Magazine article Training & Development

Training Technophobes

Magazine article Training & Development

Training Technophobes

Article excerpt

Public speaking and death currently top the list of Americans' greatest fears but computers may soon displace them. Although organizations find computers indispensable, they strike terror in the hearts of many employees.

In teaching wordprocessing, spreadsheets, email, faxing, and document management, trainers who prepare people to use computers must find a way to keep their fear from paralyzing their learning. Trainers face the challenge of creating a curriculum that not only energizes technological learning, but also caters to technophobic employees.

Most of us have experienced technophobia - the nerve-wracking moment when we first touched a computer or the realization that children understand technology more than we do. In the workplace, if those fears are not allayed, they can impede performance.

A technophobic employee is someone who fears technology and avoids it at all cost. He or she feels unqualified to use computers, and may feel displaced by new equipment and machinery. Veteran employees who are experts at their jobs may think that learning a new technology will take them back to a novice state. They may experience anxieties long forgotten. Often, veteran employees resist computer technology most.

Ignoring technophobia can be detrimental to an organization. It may result in lost revenue, high turnover, absenteeism, and decreased productivity. The transformation from technophobic to technocompetent should begin in training. There are techniques that can help overcome technophobia.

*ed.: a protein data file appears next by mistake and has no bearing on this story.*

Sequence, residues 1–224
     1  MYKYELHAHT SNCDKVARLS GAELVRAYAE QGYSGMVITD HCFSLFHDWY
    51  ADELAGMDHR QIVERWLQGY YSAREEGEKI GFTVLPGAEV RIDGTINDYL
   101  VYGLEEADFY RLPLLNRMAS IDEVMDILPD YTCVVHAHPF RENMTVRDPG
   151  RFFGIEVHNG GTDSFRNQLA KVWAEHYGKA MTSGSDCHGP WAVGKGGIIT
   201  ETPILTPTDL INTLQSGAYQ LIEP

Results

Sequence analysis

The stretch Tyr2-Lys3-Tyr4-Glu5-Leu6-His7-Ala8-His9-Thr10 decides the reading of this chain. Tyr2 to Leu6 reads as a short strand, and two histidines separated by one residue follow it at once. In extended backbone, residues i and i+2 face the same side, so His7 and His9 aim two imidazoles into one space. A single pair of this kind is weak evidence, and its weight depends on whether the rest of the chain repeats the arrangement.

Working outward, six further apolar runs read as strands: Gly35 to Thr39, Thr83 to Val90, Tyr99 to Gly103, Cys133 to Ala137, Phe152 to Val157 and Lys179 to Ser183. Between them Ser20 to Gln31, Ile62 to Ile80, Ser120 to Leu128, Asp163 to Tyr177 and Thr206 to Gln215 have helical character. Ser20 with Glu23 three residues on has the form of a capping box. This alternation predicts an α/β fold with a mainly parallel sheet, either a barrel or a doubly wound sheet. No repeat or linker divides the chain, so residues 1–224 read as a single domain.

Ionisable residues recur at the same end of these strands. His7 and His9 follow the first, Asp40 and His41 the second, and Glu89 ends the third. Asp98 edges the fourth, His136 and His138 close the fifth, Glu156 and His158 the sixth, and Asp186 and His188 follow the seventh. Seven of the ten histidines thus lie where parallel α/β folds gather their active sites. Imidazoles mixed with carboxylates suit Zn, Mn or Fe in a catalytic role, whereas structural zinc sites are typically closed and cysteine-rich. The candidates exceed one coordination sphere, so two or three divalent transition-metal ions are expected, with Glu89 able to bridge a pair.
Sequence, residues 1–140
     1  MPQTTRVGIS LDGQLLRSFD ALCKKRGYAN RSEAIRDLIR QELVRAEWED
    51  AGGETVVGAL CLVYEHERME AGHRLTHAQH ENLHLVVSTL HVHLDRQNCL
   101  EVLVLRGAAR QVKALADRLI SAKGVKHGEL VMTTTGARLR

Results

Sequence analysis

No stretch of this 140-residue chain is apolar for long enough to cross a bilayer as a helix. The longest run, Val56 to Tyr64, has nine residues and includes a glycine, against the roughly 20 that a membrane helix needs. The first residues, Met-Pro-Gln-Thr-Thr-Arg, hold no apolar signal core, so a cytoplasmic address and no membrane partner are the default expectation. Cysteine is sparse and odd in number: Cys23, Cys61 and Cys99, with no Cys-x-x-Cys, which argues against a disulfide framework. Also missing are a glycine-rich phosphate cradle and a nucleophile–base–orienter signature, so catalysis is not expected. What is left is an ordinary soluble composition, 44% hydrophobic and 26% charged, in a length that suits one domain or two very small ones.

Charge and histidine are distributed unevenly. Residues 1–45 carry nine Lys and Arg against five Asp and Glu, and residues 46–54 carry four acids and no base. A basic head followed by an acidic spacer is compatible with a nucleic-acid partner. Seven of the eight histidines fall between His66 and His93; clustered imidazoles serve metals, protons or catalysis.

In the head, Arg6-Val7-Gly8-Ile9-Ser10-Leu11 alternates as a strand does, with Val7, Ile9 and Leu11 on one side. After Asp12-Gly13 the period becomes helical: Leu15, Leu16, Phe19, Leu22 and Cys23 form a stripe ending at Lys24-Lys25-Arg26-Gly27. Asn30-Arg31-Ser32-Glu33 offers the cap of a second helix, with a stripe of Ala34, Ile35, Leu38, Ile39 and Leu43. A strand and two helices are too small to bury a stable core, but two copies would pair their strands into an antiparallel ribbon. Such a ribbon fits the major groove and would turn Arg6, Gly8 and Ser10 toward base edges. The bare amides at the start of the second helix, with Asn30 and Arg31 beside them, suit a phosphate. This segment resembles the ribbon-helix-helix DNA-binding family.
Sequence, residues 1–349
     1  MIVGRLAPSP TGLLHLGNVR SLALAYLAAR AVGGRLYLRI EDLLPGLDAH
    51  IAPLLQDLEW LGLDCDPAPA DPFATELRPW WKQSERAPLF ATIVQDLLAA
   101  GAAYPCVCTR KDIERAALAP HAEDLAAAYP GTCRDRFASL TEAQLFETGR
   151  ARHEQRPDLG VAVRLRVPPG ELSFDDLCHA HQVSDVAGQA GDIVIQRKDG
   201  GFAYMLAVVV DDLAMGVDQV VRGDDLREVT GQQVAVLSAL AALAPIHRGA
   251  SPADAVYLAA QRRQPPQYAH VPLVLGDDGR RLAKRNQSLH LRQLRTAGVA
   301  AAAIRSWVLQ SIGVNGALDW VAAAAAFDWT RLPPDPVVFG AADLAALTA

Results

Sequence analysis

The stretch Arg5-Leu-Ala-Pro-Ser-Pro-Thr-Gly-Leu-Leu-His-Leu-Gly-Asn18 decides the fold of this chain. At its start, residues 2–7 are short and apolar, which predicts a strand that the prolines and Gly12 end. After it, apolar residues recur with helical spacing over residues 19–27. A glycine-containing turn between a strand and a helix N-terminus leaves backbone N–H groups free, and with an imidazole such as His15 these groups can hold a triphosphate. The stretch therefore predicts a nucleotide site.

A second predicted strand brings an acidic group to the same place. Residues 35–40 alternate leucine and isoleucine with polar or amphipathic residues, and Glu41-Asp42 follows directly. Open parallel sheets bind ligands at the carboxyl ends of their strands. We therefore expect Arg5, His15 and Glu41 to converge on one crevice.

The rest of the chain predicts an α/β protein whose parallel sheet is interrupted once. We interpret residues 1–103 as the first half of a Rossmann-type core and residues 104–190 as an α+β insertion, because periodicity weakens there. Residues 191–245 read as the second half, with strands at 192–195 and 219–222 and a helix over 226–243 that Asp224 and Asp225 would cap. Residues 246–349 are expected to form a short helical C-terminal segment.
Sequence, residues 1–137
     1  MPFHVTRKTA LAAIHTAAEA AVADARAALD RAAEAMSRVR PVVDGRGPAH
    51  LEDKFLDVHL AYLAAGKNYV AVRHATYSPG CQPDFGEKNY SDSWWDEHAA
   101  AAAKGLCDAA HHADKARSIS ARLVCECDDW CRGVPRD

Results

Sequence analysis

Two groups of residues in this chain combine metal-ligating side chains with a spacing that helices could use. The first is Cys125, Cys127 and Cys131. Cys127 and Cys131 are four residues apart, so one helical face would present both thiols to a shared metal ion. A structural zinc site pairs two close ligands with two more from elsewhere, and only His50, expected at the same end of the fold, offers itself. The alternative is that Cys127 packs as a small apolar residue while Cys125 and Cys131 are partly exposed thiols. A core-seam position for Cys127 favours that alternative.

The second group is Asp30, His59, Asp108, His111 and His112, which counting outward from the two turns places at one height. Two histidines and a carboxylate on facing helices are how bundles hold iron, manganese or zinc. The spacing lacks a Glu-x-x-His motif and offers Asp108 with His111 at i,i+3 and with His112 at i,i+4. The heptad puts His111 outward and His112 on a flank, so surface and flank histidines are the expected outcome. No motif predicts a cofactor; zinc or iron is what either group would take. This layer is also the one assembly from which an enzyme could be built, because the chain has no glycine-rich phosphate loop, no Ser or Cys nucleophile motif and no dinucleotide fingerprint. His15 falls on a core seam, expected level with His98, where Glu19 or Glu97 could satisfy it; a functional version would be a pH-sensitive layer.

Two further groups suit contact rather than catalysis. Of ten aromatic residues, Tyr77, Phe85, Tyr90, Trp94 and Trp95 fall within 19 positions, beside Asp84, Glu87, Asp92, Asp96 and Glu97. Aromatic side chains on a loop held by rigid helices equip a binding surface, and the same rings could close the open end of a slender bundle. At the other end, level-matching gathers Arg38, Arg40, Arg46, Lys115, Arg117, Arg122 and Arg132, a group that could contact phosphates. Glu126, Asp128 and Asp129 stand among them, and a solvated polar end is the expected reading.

Conquering technophobia

There are several ways that trainers can help technophobes become comfortable with new technology. For instance, with company approval and at least one month before training begins, a trainer can begin using change management, an inexpensive and effective way to ease people's fears and generate excitement. The attitudes of employees who doubt their importance and role in the technological change tend to improve as a result of carefully planned change management.

To ensure the successful implementation of new computers, upgraded systems, or other technological changes, consider these suggestions:

Post signs regarding the imminent change. Postings bolster people's anticipation regarding an upcoming change. The wording should reflect a positive attitude and focus on ways that the change will improve unpopular or difficult tasks. Post signs in well-populated areas such as break rooms, cafeterias, and entrances.

Distribute a periodic newsletter. It should outline the changes that employees will see in the future. Contents may include management editorials, articles about ways that the change can empower employees, the training process, and approaches that employees can use to prepare for training.

Stage an event. This lets employees have a sneak preview of upcoming changes. In particular, an open house may help diffuse their uncertainty. It is also an excellent opportunity to set up several computer demonstrations that illustrate the time-saving functions of the new technology. A display lets trainees see and touch the new technology. It also may abate their fear and replace it with anticipation.

An open house is inexpensive and a wise use of time. Because employees can browse the displays on their breaks, they aren't taken away from work. Open houses and displays emphasize management's concern and reassure trainees that they will receive help to ease their transition.

Use humor. This can be a good way to ease employees' tension. For example, during a technological conversion, a company staged a memorial service for the old computer system. Such events can transform a change from threatening to festive.

Create a mascot. Sport teams have mascots to encourage team spirit, unity, and camaraderie. A mascot can do the same thing for your organization. For example, a large midwestern company facing a major equipment change introduced a computer mouse mascot. …

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